Billie Joe Armstrong Joins The Replacements
Early in The Replacements' Friday night set, Paul Westerberg welcomed Green Day's Billie Joe Armstrong onstage. Armstrong, who matched the rest of the band (except Westerberg, who wore his own thing) in a plaid suit, seemed giddy to be onstage with his idols, saying "Dreams really do come true." Westerberg was splayed out on a couch for most of the set (he said his back was hurting), letting Armstrong sing lead on several songs. No Green Day tunes were played, but who needs "Longview" when you've got "Tommy Gets His Tonsils Out." -Kai Flanders
Weekend two is notable for its population decrease. That means fewer Hollywood types, fewer bros, fewer people asking us for molly.
During Darkside's performance on Saturday night, whenever there was a critical moment in the set someone would toss dozens upon dozens of glow sticks out over the crowd - purple, red, green, yellow, and blue. It added a level of spontaneity and whimsy to the proceedings, even if some of them would smack you in the head.-Ben Westhoff
At Pharrell Williams' set Saturday, he played some of his recent hits, and then thanked the audience in a gooey voice for supporting him "since the beginning." He said this like three times. Considering Pharrell's been in the game since 1992's "Rump Shaker" - before many in the audience were born - and that most were probably unfamiliar with him before "Get Lucky," this was a great troll.-Ben Westhoff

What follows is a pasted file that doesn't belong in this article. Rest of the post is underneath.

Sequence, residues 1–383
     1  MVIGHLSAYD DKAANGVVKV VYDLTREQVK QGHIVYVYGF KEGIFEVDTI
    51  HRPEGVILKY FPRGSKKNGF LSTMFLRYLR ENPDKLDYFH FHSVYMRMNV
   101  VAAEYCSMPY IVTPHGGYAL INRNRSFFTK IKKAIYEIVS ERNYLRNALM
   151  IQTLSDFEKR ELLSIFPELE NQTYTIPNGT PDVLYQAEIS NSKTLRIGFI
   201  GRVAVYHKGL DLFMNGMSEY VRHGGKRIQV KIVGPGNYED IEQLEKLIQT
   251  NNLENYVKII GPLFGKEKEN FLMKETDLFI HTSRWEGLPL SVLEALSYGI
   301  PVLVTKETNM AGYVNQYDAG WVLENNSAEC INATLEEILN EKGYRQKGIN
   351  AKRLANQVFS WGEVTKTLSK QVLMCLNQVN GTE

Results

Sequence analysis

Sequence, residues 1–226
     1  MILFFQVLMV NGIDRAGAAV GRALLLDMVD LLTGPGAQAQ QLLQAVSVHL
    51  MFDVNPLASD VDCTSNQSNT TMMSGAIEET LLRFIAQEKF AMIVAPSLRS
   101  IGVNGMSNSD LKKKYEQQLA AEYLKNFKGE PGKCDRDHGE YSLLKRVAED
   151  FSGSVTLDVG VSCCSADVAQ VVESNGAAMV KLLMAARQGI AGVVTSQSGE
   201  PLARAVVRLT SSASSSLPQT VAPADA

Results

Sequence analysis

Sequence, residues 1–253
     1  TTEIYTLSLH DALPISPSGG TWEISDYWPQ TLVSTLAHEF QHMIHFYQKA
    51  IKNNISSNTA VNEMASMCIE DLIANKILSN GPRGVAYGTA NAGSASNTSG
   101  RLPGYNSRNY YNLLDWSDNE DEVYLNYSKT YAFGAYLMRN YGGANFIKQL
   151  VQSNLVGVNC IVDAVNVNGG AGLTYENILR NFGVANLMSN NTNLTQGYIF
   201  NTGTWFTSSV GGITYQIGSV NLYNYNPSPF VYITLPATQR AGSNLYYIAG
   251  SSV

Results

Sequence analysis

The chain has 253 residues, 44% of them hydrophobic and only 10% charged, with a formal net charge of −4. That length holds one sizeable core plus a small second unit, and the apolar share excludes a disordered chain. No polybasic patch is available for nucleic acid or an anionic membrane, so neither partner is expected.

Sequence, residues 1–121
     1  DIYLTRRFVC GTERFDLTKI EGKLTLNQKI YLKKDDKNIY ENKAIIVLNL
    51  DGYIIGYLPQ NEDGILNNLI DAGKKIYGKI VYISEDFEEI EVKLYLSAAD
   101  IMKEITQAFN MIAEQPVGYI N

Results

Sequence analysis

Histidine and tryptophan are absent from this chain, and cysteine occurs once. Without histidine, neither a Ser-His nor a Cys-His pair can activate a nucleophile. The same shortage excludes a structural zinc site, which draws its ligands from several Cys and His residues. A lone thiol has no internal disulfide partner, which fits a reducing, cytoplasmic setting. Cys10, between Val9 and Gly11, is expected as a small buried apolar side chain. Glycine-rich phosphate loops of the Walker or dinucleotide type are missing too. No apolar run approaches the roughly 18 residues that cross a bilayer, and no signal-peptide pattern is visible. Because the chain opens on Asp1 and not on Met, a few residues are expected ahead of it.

Win Butler and co. took the ultimate piss out of Coachella Sunday night by opening with an alleged surprise set from none other than Daft Punk. Except, not really. "Boy have we got a surprise for you!" Butler gushed just a little too enthusiastically, as two white-clad figures sporting the French DJs' signature helmets appeared before a pair of laptops onstage. The call prompted the entirety of the festival to stampede towards the Main Stage. But the ruse was up once the group began jamming on a slow, emphatically bored-sounding version of "Get Lucky" for about 30 seconds, after which "Daft Punk" disappeared and the show really got started. It was a jab some of the most annoying aspects of Coachella's hype, and the meme-like mania for Daft Punk's Coachella comeback year after year.-Andrea Domanick
On a day whenChance the Rapper
cancelled his anticipated mid-afternoon set on the main stage, people were wondering who would pick up the slack - turns out it was Mexican-based psychedelic outfit Zoé. Though generally unknown to the greater American listening public, the band's sunny brand of indie-meets-alt-rock won over the fans assembled. By the end of the set, the pink shirt wearing León Larregui had the fans eating out of his palm.
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